The 92-year-old Iraqi-born former intelligence man Yaakov Nimrodi was then a prominent businessman. He was joined by Aharon Sharf, a Mossad man, who led the organization's relations with foreign intelligence agencies and countries Israel has no diplomatic ties with.
“Yaakov got me into things, the idea was to make Naharayim into the Middle East’s attraction," Sharf remembers. Rabin's longtime associate Eitan Haber "said we should schedule a meeting with King Hussein the Amman palace if we want to do this,” Sharf continues.
From here on, the story sounds like an Arabian Nights tale. Sharf and Nimrodi travelled to Amman. “We drove in with a car, and crossed the Allenby Bridge, usually only open to Palestinians. In the palace, we were welcomed by Ali Shukri, the King’s bureau chief,” he says. “It was very clear the Jordanians were interested in the Naharayim project. When we went home that day, Nimrodi said he’s going for it big time.”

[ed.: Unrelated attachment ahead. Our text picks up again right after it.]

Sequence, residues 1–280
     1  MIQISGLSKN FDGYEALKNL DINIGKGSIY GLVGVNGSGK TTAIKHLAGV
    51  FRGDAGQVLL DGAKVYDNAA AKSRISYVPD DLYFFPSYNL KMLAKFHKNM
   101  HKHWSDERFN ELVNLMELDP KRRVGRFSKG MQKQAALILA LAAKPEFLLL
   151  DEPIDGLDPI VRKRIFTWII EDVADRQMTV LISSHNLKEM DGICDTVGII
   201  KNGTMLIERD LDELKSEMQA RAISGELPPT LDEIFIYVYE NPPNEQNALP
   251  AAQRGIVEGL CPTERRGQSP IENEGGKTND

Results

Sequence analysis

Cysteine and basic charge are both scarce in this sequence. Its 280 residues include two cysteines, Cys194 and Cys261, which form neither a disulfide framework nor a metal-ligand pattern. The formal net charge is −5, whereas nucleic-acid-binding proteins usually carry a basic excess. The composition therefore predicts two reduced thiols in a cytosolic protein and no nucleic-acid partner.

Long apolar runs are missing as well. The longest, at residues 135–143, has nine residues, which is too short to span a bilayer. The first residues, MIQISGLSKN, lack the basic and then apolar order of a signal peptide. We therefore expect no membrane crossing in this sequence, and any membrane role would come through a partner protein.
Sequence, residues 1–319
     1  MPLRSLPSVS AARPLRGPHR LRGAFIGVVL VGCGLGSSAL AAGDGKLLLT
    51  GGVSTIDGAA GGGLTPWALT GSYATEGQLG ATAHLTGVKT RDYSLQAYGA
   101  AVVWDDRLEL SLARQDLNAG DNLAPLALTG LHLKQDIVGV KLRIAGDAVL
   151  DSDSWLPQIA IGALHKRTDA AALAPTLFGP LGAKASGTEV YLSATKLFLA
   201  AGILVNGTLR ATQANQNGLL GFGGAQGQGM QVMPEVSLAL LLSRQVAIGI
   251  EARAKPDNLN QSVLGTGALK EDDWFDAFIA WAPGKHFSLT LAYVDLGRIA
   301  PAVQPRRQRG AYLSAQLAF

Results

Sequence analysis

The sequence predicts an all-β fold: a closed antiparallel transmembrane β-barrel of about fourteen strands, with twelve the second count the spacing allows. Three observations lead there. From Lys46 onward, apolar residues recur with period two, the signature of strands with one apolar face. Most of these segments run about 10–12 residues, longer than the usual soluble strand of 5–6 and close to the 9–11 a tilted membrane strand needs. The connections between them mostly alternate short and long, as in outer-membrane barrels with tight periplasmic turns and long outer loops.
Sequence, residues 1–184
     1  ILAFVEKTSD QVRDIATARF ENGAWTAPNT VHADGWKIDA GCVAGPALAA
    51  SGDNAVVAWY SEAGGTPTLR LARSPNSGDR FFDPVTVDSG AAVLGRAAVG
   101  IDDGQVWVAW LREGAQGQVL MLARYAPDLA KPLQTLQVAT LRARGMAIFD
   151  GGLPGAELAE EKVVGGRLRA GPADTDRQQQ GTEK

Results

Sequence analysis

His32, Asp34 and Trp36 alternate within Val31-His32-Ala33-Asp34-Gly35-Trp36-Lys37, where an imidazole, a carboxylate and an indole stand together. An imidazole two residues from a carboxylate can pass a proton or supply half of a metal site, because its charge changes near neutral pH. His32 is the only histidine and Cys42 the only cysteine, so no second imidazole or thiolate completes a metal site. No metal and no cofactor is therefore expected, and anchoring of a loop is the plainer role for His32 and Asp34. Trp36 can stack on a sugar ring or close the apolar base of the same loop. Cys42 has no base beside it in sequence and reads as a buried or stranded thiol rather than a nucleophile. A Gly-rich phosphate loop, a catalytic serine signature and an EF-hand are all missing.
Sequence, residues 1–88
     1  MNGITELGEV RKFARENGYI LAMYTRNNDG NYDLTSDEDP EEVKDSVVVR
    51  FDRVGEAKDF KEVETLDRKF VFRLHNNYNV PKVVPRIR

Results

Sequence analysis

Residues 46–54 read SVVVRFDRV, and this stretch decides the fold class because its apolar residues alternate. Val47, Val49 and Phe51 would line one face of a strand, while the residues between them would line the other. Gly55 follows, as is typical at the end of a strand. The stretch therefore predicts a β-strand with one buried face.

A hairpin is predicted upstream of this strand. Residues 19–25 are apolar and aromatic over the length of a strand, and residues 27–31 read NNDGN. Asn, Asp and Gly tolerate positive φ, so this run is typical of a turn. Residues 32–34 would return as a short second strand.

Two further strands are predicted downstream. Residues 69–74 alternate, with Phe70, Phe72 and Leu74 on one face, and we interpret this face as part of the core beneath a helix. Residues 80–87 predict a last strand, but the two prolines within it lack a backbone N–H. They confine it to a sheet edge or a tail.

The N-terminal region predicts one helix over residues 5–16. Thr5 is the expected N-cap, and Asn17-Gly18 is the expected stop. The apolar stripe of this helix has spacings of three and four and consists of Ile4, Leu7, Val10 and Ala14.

Arazi picks up the story, “Nimrodi put a lot of money into it. He went on many meetings in Jordan, and I joined some. It was an incredible experience. We met with Prince Hassan, King Hussein’s brother, with the water minister and the tourism minister and with Jordanian entrepreneurs.”
The sketches look like they have been taken from another world, a place that has nothing to do with us in the Middle East. Around a 1 square foot lake, there were supposed to be a conference center, a guest house, two hotels, a large Disney-style water park, a promenade with clubs and restaurants, a golf course and an amphitheater.
The plan was to make the area a tax-free inter-state zone. There was talk of hotels that would cost a minimum of $200 a night. The jewel in the crown of the project was supposed to be a casino at the center of the lake. A gambling tycoon from abroad was invited over to examine the area. “He sent in a team to look into it and was very enthusiastic about the opportunity,” Sharf says.
However, there was a problem. “We were told Islam bans gambling, and casinos are also illegal in Israel. We realized it wasn't going to happen, and planned to built a synagogue and a mosque instead, as a symbol of coexistence between the two countries and religions,” Arazi recalls.
A fine suit and paratrooper boots